May 25, 1998
County to use 'plain English'
by Woodinville Weekly staff
SEATTLE--Ever get a notice from King County about a land use change and try and make sense of technolese terms such as "docketing, "zoned density" and "transportation concurrency needs?" Relief is finally on the way. Recently, the King County Council unanimously passed new rules that include explaining its land use laws in "plain English." It was part of a measure that improves the county's public participation process in Comprehensive Plan changes. The plan guides growth management decisions in the county.
"The goal here is to take the mystery out of land use law," said Councilmember Brian Derdowski (R-Issaquah) in a press release. "Someone shouldn't have to hire a lawyer or a lobbyist in order to understand what is happening to their land or neighborhood." The "plain English" section requires all amendments to the comp plan or development regulations to come with a detailed description of what they would do in non-technical terms.
An example of the change from techno-babble to easier to understand language can be seen in staff reports to the council's Growth Management, Housing and Environment Committee.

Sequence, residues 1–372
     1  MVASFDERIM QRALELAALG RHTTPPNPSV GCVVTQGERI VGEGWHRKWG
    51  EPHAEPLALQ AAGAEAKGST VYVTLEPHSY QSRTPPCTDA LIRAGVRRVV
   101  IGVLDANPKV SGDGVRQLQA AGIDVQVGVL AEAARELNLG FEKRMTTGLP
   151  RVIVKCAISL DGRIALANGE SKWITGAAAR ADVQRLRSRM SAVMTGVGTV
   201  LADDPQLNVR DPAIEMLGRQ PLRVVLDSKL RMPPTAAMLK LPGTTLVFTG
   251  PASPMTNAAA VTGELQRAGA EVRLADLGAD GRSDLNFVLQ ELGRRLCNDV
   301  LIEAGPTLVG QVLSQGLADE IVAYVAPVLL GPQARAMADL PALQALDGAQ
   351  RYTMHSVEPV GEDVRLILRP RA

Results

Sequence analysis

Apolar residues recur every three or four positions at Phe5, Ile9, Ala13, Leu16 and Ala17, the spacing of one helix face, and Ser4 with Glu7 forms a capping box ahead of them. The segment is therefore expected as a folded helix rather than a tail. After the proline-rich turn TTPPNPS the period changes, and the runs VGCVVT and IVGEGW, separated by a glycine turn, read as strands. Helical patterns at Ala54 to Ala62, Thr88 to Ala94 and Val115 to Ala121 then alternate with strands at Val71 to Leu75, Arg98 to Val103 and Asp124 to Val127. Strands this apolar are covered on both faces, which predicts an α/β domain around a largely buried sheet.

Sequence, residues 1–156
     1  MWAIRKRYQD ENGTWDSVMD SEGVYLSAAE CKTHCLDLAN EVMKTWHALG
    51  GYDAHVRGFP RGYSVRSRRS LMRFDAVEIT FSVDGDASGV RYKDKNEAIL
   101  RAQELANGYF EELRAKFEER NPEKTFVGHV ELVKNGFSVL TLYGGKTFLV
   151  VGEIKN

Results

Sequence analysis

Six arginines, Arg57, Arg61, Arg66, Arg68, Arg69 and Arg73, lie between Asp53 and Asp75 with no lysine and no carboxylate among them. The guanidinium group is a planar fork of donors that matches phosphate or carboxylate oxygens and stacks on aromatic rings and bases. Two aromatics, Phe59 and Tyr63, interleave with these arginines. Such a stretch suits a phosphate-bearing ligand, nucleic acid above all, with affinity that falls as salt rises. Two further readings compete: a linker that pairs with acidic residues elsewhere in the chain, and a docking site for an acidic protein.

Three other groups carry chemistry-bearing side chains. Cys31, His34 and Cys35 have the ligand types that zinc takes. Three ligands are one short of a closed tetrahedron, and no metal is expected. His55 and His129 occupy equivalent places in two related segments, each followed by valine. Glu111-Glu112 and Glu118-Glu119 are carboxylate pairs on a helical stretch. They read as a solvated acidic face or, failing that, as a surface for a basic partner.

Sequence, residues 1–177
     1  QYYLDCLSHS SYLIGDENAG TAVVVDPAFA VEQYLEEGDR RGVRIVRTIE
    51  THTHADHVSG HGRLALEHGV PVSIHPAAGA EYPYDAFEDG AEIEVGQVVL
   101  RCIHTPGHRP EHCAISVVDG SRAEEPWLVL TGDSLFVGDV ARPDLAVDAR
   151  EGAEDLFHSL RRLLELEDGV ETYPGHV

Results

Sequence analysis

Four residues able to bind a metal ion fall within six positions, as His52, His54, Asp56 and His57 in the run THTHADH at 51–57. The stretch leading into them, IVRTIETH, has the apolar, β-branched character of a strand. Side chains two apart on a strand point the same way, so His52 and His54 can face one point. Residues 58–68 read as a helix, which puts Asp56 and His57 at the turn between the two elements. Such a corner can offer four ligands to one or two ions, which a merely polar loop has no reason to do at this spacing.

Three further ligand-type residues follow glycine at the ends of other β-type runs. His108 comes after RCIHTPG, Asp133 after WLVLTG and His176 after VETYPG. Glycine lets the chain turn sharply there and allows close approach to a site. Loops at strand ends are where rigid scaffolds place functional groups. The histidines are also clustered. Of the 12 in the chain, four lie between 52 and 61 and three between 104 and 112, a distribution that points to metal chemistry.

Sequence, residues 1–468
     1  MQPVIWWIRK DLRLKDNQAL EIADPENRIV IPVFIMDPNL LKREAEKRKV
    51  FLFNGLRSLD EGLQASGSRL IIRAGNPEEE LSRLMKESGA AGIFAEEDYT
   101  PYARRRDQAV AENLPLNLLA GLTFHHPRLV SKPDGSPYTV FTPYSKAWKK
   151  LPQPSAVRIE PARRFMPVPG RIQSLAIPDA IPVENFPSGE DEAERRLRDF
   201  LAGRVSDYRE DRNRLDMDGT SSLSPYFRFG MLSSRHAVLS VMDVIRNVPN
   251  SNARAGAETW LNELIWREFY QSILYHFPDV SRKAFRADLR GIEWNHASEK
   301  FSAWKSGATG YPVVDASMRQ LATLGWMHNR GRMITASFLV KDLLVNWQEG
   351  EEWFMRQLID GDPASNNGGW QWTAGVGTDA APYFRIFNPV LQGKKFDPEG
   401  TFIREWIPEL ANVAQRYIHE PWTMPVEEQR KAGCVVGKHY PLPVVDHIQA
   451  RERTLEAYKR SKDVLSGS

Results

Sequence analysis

Before: "Proposed Ordinance 96-497 amends Title 20 to comply with the state GMA requirements for: amending a [comp] plan, providing for an enhanced public participation program to include the broad dissemination of information, and, provisions for a docketing process to identify policy and regulatory deficiencies."
After: "Proposed substitute ordinance 96-947 addressees four main issues: 1) Establishes time frames for review of amendments to the comp plan. 2) Establishes a process for property specific land use map amendments. 3) Establishes a 'docket' process for the public to suggest changes to the comp plan and development regulations. 4) Establishes a public participation program for comp plan and development regulation amendments."
Oh. The Council-approved measure also mandates use of the county's Internet site (metrokc.gov) to inform residents about changes to the comp plan. County staff wants to use the web site for visual depiction's of what the changes would mean. "This is a unique use of new technology that will improve communication between the county and residents who could be affected by any land use changes," said Councilmember Jane Hague who chairs the Growth Management Committee which sent the measure to the council after two years of discussion. "The state Growth Management Act requires early and good public notice of proposed changes to the plan-this plan does that," said Hague. The new rules extends the number of days for notification to the public of public hearings from 20 to 30 days as well.